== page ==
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*Eyeroll* Another OEM Co-Op Program

Chris Vitale

Full Sticker
Jul 7, 2016
61
81
First Name
Chris
Eyeroll. Another OEM Co-Op Program?

Agh, the word Co-Op. The word that usually means you're having to spend money for another OEM program. Or you're going to have to complete another mandated program - investing money - without having a say. That or because you're doing your own training or advertising that the Co-Op just isn't necessary. Hear me out. Have you ever been cruising down the road and see a billboard for a brand that seems out of place? Or been in an airport and see advertising for another franchised brand? Have you ever noticed that when it comes to franchised brands that the customer service is relatively consistent? Chances are you have. Chances are that these advertisements were created using market data. Data most dealers (or franchisees) do not have access to. Data that uses several, if not hundreds, of resources to better understand true market potential. Hence why you find billboards and other media advertising creatives in what seems to be peculiar places. It gets your attention. More importantly, when advertising is done through the OEM to then be distributed to its franchisees, it ensures continuity with the brand's goals.

Customer service is no different. In fact, when we go to a franchised store and do not have the "typical" experience, or an experience we've come to expect, we're disappointed, no? Well, the same is to be said for our customers whose experiences fall short of what they expect on the dealer level. Consistency in customer service - achieved through quality training - is critical in having success. So, when it comes to OEM Co-Ops for training, the same philosophy is in play. The OEM uses data to understand which dealers and respective markets have an opportunity to increase sales. Sales that cannot always be done through the current dealer efforts. This isn't saying that what the dealer is or isn't doing is wrong. It's just that there is more opportunity out there. Not to mention, the OEM is absorbing a decent amount of the cost. The fact is that OEMs - when done right - have the means and leverage to negotiate pricing and program details. It's those details - at that price point - that offer the dealer an opportunity to be a part of a program or training that affords success. More importantly, the OEM Co-Op programs are designed to be a long-haul effort. There was and is a tremendous amount of thought put into these programs. And for a good reason.

Think about it, one tendency in our industry is to "cancel" a training company or advertising vendor (or cut back spending) when we are doing well, but also when we’re not.... Why is that? One doesn’t get divorced at each disagreement on where to go for dinner. If things aren’t going so well, that’s when training is needed most! Conversely, the idea that, “well, we're doing well now, so what's the point of continuing to spend additional money?” is a misnomer. You're doing well because of the investments made through training and strong advertising campaigns. But make no mistake, once you stop training or cut ad-spend, the train will derail. How many times have we stopped training when things were gravy to then "get back to basics of blocking and tackling" and rush back to training as the hail mary save in the 4th quarter? More times than we'd like to admit. Imagine how much easier it would be to manage your teams if they followed consistent processes with training that the OEM is assisting in paying for?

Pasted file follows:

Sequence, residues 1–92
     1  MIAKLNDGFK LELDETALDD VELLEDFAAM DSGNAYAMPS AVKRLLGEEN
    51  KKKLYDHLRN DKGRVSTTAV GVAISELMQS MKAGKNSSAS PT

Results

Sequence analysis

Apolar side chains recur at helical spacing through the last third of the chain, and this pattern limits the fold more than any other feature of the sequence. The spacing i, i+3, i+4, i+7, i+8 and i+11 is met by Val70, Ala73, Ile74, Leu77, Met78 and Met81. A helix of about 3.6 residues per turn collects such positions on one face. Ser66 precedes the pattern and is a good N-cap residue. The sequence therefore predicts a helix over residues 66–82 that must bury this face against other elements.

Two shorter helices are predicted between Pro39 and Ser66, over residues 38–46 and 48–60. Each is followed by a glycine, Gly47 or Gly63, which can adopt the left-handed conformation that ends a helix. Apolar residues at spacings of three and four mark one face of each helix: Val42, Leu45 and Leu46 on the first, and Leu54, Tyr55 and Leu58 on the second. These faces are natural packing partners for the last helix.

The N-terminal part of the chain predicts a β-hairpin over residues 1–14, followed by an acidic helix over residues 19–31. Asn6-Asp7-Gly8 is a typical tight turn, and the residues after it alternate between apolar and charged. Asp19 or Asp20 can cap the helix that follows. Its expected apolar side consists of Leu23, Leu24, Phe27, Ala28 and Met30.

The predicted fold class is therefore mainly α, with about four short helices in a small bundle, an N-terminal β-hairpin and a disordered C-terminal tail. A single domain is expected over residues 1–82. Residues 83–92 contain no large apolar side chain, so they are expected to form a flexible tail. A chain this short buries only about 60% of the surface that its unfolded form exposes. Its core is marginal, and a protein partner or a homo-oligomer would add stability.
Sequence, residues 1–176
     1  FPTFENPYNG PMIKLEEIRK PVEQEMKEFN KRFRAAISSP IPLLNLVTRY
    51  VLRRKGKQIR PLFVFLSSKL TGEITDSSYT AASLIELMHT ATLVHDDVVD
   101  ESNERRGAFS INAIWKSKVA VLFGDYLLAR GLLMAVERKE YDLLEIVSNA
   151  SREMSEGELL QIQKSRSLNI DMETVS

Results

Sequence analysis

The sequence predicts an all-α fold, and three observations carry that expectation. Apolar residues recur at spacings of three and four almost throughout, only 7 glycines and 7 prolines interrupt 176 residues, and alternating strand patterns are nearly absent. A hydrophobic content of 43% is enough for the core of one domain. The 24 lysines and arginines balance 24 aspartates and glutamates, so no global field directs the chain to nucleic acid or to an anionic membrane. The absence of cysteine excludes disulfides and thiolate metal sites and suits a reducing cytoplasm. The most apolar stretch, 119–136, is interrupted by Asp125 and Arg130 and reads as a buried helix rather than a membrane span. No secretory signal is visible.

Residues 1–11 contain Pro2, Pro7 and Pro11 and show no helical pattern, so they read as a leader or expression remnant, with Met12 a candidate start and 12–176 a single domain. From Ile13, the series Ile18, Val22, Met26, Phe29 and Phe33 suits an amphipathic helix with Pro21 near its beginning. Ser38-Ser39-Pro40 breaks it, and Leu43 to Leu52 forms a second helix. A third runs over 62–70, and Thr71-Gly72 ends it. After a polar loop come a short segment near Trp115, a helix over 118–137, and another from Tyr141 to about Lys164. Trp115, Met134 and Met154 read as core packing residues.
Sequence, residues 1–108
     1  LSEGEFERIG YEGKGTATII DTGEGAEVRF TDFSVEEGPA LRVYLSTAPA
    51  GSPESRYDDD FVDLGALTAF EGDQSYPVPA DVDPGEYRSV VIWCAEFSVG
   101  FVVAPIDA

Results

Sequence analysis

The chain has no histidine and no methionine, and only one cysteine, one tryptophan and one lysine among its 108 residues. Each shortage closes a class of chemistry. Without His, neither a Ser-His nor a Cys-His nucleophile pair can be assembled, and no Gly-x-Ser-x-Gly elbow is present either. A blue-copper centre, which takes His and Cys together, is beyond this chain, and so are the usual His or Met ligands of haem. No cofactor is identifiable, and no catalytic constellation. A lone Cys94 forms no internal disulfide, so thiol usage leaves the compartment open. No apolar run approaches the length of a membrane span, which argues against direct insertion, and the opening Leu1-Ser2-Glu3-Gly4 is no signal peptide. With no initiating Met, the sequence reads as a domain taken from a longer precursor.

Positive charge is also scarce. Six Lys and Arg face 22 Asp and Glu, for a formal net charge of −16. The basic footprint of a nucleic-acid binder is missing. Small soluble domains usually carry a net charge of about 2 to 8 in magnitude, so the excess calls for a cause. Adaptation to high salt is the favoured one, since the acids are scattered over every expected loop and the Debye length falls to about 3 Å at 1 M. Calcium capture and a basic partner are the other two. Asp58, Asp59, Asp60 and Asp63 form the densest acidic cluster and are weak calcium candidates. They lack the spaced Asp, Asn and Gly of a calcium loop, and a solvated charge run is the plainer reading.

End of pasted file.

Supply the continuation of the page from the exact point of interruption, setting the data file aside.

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Dan Sayer

Boss
Dec 4, 2009
344
328
Awards
1
First Name
Dan
Eyeroll. Another OEM Co-Op Program?

Agh, the word Co-Op. The word that usually means you're having to spend money for another OEM program. Or you're going to have to complete another mandated program - investing money - without having a say. That or because you're doing your own training or advertising that the Co-Op just isn't necessary. Hear me out. Have you ever been cruising down the road and see a billboard for a brand that seems out of place? Or been in an airport and see advertising for another franchised brand? Have you ever noticed that when it comes to franchised brands that the customer service is relatively consistent? Chances are you have. Chances are that these advertisements were created using market data. Data most dealers (or franchisees) do not have access to. Data that uses several, if not hundreds, of resources to better understand true market potential. Hence why you find billboards and other media advertising creatives in what seems to be peculiar places. It gets your attention. More importantly, when advertising is done through the OEM to then be distributed to its franchisees, it ensures continuity with the brand's goals.

Customer service is no different. In fact, when we go to a franchised store and do not have the "typical" experience, or an experience we've come to expect, we're disappointed, no? Well, the same is to be said for our customers whose experiences fall short of what they expect on the dealer level. Consistency in customer service - achieved through quality training - is critical in having success. So, when it comes to OEM Co-Ops for training, the same philosophy is in play. The OEM uses data to understand which dealers and respective markets have an opportunity to increase sales. Sales that cannot always be done through the current dealer efforts. This isn't saying that what the dealer is or isn't doing is wrong. It's just that there is more opportunity out there. Not to mention, the OEM is absorbing a decent amount of the cost. The fact is that OEMs - when done right - have the means and leverage to negotiate pricing and program details. It's those details - at that price point - that offer the dealer an opportunity to be a part of a program or training that affords success. More importantly, the OEM Co-Op programs are designed to be a long-haul effort. There was and is a tremendous amount of thought put into these programs. And for a good reason.